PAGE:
MedicalResearch.com Interview with
Dr. Ketil Stordal
National Institute of Public Health
MedicalResearch.com: What are the main findings of the study?
Dr. Stordal: Mothers who used iron supplementation during pregnancy had an increased risk for having children with a diagnosis of celiac disease. This association was not caused by maternal anemia during pregnancy, anemia was not a predictor of celiac disease in the offspring. The risk for celiac disease when the mother had used the highest doses and for the longest period.
MedicalResearch.com: Were any of the findings unexpected?
Dr. Stordal: The findings were unexpected, and to our knowledge, the association has not been investigated before. However, studies have shown pro-inflammatory effects in the placenta after iron supplementation, and programming effects on the fetal immune system could be hypothesized.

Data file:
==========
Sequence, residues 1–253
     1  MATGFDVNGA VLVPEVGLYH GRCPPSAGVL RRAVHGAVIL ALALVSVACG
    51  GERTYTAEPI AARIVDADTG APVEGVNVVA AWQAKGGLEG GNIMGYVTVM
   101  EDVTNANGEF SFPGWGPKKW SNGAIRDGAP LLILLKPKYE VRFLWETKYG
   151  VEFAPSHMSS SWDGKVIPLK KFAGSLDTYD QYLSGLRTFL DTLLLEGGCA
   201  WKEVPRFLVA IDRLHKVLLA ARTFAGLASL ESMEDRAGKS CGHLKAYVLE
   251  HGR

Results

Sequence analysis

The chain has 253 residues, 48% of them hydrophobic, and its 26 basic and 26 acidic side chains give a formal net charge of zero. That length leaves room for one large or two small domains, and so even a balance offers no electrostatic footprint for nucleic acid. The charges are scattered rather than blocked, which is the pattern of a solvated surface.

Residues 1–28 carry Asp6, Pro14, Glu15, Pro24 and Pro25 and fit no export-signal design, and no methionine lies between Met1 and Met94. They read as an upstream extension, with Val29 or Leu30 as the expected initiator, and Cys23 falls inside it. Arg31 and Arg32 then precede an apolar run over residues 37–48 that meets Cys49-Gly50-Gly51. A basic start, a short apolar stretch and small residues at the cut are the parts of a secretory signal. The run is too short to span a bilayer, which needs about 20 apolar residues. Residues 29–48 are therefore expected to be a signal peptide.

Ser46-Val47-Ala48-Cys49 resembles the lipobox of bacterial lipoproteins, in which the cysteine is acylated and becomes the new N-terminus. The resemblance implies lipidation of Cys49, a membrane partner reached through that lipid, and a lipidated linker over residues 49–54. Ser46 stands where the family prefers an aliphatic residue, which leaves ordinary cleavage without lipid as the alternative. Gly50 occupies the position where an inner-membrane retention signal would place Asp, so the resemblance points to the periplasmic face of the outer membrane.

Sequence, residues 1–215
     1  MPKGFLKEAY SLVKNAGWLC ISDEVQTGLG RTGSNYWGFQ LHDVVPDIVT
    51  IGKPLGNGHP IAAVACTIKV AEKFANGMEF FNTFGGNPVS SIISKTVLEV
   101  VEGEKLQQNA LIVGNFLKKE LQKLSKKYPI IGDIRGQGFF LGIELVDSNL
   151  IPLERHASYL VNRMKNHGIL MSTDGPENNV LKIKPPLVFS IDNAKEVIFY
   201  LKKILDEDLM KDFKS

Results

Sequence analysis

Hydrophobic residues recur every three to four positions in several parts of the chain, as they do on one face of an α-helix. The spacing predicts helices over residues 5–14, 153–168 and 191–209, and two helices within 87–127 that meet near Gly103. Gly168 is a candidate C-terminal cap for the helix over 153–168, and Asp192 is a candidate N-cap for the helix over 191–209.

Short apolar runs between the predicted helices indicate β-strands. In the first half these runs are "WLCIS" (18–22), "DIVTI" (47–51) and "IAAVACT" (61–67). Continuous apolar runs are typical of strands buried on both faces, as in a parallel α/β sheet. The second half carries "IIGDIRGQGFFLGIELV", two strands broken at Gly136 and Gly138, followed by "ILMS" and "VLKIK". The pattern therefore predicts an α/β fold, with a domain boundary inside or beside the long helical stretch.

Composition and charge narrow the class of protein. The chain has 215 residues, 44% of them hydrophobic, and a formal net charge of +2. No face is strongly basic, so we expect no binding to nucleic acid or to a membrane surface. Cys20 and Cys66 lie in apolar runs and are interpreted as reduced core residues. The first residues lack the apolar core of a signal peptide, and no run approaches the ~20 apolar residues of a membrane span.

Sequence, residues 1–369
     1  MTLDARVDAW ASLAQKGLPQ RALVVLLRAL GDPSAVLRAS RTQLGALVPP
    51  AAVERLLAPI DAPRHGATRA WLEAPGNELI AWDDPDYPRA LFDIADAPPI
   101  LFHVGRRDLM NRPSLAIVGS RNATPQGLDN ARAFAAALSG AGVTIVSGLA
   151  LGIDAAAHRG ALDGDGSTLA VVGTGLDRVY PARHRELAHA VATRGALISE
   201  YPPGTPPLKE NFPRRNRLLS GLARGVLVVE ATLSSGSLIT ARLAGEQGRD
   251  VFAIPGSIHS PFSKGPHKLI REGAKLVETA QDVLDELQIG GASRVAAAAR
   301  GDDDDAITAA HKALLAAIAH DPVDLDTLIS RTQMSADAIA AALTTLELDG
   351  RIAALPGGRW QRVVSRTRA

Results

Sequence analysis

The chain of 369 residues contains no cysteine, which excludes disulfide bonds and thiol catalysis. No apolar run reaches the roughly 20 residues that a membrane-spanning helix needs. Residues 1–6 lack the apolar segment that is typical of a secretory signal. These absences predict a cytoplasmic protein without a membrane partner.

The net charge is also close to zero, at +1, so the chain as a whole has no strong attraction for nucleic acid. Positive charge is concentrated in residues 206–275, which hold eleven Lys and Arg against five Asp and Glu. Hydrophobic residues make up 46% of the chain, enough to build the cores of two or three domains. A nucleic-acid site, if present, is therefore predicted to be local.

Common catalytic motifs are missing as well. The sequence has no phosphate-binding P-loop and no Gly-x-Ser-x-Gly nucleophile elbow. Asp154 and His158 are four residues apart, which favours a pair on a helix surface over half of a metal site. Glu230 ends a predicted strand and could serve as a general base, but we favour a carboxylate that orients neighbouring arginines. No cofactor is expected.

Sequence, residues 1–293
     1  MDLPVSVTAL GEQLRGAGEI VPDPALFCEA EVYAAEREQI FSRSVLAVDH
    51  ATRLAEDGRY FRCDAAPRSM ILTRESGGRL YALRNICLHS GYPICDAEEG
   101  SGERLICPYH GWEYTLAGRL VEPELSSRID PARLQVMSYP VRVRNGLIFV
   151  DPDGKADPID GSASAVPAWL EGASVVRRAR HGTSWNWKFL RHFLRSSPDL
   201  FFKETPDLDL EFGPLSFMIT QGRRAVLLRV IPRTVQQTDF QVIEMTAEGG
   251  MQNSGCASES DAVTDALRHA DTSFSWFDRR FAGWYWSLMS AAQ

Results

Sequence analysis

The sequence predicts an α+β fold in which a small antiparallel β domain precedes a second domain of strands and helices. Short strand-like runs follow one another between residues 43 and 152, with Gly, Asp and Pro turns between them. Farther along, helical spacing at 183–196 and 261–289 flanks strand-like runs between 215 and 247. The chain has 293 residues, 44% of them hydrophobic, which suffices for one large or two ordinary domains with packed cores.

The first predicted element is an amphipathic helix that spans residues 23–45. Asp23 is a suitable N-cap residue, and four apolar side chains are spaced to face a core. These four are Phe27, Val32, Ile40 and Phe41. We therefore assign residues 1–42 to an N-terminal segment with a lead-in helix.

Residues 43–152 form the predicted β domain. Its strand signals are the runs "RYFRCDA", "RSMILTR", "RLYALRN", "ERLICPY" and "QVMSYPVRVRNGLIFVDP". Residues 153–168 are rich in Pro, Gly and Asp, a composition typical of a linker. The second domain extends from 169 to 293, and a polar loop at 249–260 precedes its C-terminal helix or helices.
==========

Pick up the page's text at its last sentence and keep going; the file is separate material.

The effect was not present for other kinds of nutritional supplements commonly used in health-conscious mothers as folic acid and multivitamins, and is unlikely to be driven by care-seeking behavior.
MedicalResearch.com: What should clinicians and patients take away from your report?
Dr. Stordal: Our findings are preliminary, and iron should be taken when deficiencies are present during pregnancy because of other beneficial effects on the fetal health. However, indiscriminant use of iron supplements should not be recommended.
MedicalResearch.com: What recommendations do you have for future research as a result of this study?
Dr. Stordal: Biomarkers of iron overload or excess would be of interest in observational studies to study if the association between celiac disease and iron exposure in early life could be reproduced.